Do I need immunizations or proof of medical records?

Check with the State Department's website to answer health-related questions. Please note that some vaccinations must be taken several weeks in advance, and you may not be permitted to leave for your trip if you do not have documents proving your compliance. Please review the Travel Advisory and COVID-19 Information page for your travel location to determine any health related entry restrictions or quarantine requirements.

Can I use my cell phone while I am abroad?

Most smartphones can be used with local Wi-Fi in airplane mode. You can check with your cell phone service provider to see if international calling is included or available for an additional fee. Some phones have no international utility at all, and you may prefer to purchase an international calling card or a temporary/pay-by-use phone.

Can I take electrically powered devices with me?

You can take things like laptops and other electrically powered devices, but you may need an adapter or a converter to be able to use them since not all countries use the same voltage and plugs in their electrical systems. You could easily destroy an appliance or machine if you plug it in without a voltage converter. 

Who should I tell that I am going abroad?

  • If you are receiving academic credit for your study abroad experience or internship, you must have your coursework approved through Academic Advising and complete Chatham's study abroad application. If you are doing an internship, you must also complete paperwork with the Office of Career Development. Email International Affairs with questions about the study abroad process or requirements.
  • You should register with the Smart Traveler Enrollment Program (STEP) when you are preparing to go abroad. The program exists in order to help the US State Department get in contact with you in the event of an emergency.
  • You should also inform your bank and credit card company so that they do not put holds on your accounts if you make charges from another country.

Where will I live? (with a family, by myself, find apartment, in a dorm)

Depending on your program, you may live with a host family, with other students from your program, or on your own. If you are going with a group, you will likely have accommodations through the group. If you are going alone, you should find out if your program provides housing or if you need to find your own.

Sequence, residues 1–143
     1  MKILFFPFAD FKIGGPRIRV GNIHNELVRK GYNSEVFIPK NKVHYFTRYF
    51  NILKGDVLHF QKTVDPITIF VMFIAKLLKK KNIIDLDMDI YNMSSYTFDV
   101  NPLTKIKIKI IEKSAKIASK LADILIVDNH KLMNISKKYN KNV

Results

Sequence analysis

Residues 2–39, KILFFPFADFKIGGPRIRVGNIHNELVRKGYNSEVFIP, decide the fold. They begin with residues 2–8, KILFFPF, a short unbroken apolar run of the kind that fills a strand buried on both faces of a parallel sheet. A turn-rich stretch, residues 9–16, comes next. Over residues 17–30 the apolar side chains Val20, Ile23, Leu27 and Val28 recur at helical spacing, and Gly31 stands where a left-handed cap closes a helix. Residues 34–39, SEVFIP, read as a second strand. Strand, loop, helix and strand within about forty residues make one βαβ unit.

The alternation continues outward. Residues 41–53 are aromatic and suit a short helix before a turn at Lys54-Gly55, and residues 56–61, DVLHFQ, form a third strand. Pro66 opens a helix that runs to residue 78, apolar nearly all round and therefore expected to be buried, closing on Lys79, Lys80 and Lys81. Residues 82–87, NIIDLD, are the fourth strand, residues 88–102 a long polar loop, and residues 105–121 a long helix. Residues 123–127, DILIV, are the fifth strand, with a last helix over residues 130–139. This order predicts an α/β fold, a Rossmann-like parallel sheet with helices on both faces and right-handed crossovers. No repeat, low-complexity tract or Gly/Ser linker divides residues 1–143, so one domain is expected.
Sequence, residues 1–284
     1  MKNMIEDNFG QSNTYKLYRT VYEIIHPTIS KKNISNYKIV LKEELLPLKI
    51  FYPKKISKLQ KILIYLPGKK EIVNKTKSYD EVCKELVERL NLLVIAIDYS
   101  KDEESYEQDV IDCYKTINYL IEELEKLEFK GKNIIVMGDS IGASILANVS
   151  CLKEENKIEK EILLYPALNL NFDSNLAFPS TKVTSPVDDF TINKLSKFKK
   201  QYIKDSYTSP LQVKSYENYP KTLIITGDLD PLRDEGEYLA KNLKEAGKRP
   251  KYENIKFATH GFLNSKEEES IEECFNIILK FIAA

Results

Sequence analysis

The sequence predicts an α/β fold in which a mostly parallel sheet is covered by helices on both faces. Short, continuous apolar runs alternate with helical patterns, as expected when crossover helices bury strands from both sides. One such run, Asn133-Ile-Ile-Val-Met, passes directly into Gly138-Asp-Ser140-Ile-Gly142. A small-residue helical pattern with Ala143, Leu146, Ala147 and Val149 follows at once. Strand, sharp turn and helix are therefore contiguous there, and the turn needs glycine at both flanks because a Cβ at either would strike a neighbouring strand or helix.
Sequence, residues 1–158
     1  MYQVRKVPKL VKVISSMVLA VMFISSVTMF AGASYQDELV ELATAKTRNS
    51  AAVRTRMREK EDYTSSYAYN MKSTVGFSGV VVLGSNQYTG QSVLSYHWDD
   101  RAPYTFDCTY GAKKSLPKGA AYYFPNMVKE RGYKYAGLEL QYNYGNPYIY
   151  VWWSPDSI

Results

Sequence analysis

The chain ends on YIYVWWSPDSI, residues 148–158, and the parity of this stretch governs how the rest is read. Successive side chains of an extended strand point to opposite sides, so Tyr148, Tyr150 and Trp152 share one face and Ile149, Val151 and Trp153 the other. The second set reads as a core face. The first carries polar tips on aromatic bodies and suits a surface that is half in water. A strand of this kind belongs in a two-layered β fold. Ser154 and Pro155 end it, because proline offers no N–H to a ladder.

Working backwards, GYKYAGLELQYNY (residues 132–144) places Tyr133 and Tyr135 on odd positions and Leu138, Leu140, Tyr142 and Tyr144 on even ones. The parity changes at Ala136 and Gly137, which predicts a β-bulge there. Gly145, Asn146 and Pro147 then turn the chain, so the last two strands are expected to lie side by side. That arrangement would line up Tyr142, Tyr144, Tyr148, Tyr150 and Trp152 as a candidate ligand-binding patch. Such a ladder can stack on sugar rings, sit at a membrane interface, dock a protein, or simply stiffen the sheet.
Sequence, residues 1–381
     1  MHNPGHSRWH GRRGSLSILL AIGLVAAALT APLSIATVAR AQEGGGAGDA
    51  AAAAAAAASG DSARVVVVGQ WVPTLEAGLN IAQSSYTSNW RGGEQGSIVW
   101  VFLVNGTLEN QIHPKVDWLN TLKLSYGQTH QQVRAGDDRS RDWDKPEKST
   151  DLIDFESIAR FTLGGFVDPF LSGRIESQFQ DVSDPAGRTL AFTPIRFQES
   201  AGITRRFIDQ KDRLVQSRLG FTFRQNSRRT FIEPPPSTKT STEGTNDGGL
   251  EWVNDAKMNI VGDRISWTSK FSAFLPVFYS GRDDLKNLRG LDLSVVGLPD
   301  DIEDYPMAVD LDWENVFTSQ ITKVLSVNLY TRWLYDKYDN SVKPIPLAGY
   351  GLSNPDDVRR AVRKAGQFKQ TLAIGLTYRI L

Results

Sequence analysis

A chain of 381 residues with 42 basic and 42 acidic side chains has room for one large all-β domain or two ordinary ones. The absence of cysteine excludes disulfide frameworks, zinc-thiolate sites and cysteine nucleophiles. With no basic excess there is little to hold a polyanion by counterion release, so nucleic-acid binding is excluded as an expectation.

What should I pack?

In addition to the regular necessities like clothes, shoes, and toiletries the following items are recommended:

  • Proof of Insurance
  • Program acceptance and local contact details
  • Proof of Vaccinations and medical history
  • Prescriptions and medications
  • Student I.D. Card
  • Money Belt
  • Backpack (for class and for day-trips)
  • Camera/Journal
  • Family Photos
  • Set of dress clothes (just in case you go somewhere fancy)
  • Gift (it may be appropriate to bring your host family a simple gift from home)
  • An inventory list of the items you packed in your checked baggage, in case you need to make an insurance claim on lost luggage
  • Identification tags with your contact information on them, attached both outside and inside your checked bags and carry-on bags

How should I plan my travel?

Depending on where you are going, you may travel by land or by air. If you are flying, take the time to shop around as flight costs can vary greatly. Try websites such as,, and Be sure to check baggage rules with your airline. Certain items may be banned, or you may incur additional charges for too many bags or too much weight. Once you get to your destination, make sure you have your program contact information if you are being picked up at the airport. If your program does not include airport pickup, plan ahead for how you will travel to your housing. Taxis can be very expensive, so a rail or bus shuttle may be more efficient and affordable.

What should I buy when I arrive?

There are inexpensive items you can purchase at your destination. Consider buying items like shampoo, soap, sheets, towels, and an umbrella while on your program. Hairdryers and curling irons are best purchased abroad because the voltage conversion may destroy your appliance–just buy an inexpensive one when you get there.


What can I bring back to the United States?

Check with Customs and with your airline to see what you are permitted to carry into the US. Guidelines change frequently, so you should check right before you return to the US to make sure everything you want to bring back is allowed.